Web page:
@bingslnzp @CPHO_Canada @JustinTrudeau Having no protocol of a plan of action in place for an airborne virus after SARS in MERS is mind blowing. However the only country that seemed to have a pandemic plan of action in place was Taiwan. Excellent write-up in regards to this in below link.
Taiwan and Canada had their first cases of coronavirus at about the same time, but their experiences have been different. Taiwanese children are still in school, and there's no shortage of supplies.
Inside Taiwan during COVID-19: How the country kept schools and businesses open throughout pandemic
Taiwan was hit hard by the SARS pandemic in 2003, but this time, the government took swift and early actions when it first became aware of an unknown pneumonia in Wuhan, China.
By mid-February, the territory had increased its mask and alcoholic sanitizer production, introduced fines for raising the price of medical supplies and set cleaning standards for public transportation and other areas, such as trains and schools.
In Taiwan, most public buildings, such as schools, train stations, restaurants and apartment buildings, have automatic hand sanitizing dispensers outside, with signs urging people to disinfect their hands before entering.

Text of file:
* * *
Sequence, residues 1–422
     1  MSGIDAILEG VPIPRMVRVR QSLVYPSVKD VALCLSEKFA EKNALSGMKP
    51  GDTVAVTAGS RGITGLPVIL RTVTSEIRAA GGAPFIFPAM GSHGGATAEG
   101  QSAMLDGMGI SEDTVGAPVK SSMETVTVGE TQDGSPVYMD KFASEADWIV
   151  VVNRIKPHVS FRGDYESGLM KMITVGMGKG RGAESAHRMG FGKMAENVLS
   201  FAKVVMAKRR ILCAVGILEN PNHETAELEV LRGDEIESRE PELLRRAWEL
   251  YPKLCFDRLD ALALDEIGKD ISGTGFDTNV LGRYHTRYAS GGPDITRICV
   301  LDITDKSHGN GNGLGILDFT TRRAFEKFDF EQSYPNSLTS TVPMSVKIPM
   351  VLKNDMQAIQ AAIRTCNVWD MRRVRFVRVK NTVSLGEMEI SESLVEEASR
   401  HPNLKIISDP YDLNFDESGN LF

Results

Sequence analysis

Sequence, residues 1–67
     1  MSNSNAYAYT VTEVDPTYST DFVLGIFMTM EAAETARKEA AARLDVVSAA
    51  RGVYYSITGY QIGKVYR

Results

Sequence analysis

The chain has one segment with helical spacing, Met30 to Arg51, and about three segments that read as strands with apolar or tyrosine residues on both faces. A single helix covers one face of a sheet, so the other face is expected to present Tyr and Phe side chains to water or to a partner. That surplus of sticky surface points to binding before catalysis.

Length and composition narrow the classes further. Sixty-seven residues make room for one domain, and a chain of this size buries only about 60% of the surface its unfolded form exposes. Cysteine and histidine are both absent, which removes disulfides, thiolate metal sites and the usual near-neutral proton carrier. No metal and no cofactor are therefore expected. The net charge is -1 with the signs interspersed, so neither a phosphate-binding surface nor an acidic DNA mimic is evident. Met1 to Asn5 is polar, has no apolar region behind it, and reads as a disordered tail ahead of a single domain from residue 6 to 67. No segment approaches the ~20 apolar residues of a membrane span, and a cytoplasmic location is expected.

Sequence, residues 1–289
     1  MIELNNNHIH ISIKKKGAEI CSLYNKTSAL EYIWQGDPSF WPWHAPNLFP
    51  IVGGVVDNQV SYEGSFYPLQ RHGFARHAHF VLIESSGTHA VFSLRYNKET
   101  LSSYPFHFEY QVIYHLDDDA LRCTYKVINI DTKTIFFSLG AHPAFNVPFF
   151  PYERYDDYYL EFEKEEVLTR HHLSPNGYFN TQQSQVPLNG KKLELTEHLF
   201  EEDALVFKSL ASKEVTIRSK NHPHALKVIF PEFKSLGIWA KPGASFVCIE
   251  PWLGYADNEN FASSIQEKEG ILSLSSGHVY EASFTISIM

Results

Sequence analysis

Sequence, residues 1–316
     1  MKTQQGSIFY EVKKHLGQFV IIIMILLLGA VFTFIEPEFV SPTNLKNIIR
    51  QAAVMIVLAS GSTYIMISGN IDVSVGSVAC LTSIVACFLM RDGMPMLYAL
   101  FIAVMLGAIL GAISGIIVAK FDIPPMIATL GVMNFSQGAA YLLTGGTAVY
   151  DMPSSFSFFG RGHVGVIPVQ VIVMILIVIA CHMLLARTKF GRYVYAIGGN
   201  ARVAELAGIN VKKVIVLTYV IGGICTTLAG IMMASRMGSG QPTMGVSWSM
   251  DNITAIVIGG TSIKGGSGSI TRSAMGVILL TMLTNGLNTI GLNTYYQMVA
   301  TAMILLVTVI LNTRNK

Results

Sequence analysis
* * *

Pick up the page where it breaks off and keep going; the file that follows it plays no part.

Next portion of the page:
In Canada, a shortage of masks had health care professionals sounding the alarm weeks ago. Now, some hospitals are keeping a closer eye on medical supplies, such as masks, because equipment has gone missing.
Taiwan still has relatively few COVID-19 cases compared to Canada and, according to Dr. Ho, that's because of its fast response.
Gleeson also doesn't feel Canada has acted fast enough.
“I really feel like we dropped the ball,” she said. “It's done, but it's disappointing, and I hope we can learn some really big lessons from how other places handled this and how we did not.”
Dr. Ho agrees.